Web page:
Date:  Sept. 12, 2013




Rates of Physical and Sexual Child Abuse Appear to Have Declined Over the Last 20 Years;

Rates of Child Neglect Show No Decline, Constitute 75 Percent of Reported Cases, Says New IOM Report


WASHINGTON -- Rates of physical and sexual abuse of children have declined over the last 20 years, but for reasons not fully understood, says a new report from the Institute of Medicine.  Yet, reports of psychological and emotional child abuse have risen in the same period, and data vary significantly as to whether child neglect is increasing, decreasing, or remaining constant.  However, determining the incidence of child abuse and neglect presents a number of challenges, because cases could be underreported and definitions vary among entities that collect such information.  To prevent and treat the problem more effectively, the causes and consequences of child abuse and neglect need to be understood with greater specificity, the report says.  It calls for a national strategic plan to advance research on child abuse and neglect as well as a national surveillance system to improve the accuracy of cases identified.  The report updates the 1993 National Research Council report Understanding Child Abuse and Neglect.

"Child abuse and neglect are a serious public health problem that has broader and longer-lasting effects than bruises, broken bones, or psychological trauma," said Anne Petersen, chair of the committee that wrote the report and research professor at the Center for Human Growth and Development at the University of Michigan, Ann Arbor.  "The impacts cascade throughout victims' lifetimes, not only affecting them but also their families and society."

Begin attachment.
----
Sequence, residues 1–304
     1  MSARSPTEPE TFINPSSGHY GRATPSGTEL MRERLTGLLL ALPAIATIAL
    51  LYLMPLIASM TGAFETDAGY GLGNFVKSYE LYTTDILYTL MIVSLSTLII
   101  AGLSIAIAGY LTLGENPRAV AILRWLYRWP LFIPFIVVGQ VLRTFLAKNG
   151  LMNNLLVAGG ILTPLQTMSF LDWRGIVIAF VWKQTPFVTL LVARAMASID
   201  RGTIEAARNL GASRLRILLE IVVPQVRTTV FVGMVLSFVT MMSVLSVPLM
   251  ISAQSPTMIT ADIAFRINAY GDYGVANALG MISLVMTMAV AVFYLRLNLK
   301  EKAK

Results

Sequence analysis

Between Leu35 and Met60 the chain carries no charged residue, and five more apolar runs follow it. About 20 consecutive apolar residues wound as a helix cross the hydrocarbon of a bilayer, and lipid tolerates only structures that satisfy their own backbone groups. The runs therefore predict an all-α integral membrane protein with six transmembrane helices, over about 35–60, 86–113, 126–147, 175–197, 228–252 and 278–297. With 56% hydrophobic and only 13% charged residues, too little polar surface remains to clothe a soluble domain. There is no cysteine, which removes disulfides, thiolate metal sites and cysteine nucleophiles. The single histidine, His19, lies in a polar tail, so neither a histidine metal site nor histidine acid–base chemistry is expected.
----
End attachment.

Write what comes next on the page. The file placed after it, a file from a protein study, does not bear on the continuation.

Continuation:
Child abuse and neglect are a pervasive, persistent, and pernicious problem in the United States, the committee said.  More than 3 million referrals for child abuse and neglect are received by child protective services each year that involve around 6 million children, although most of these reports were not possible to corroborate with the usual rigorous process required by most states.  In 2011, state child protective services agencies encountered 676,569 children, or about nine out of every 1,000 children in the U.S., who were victims of physical abuse, sexual abuse, psychological abuse, and medical and other types of neglect.  However, these figures underestimate the extent of the problem because of discrepancies between actual rates and the number of cases reported to authorities.  For example, the most recent National Incidence Study of Child Abuse and Neglect from 2005 to 2006 estimated that the rate of child abuse and neglect was 17.2 of every 1,000 children, totaling more than 1.25 million children, and many more were determined to be at risk.  Ascertaining an accurate number has other challenges, including different definitions of abuse and neglect among entities that collect information, various legal definitions across states, and diverse standards in determining incidence and prevalence rates by researchers.  These uncertainties hamper understanding of the problem's causes and consequences and effective prevention and treatment interventions.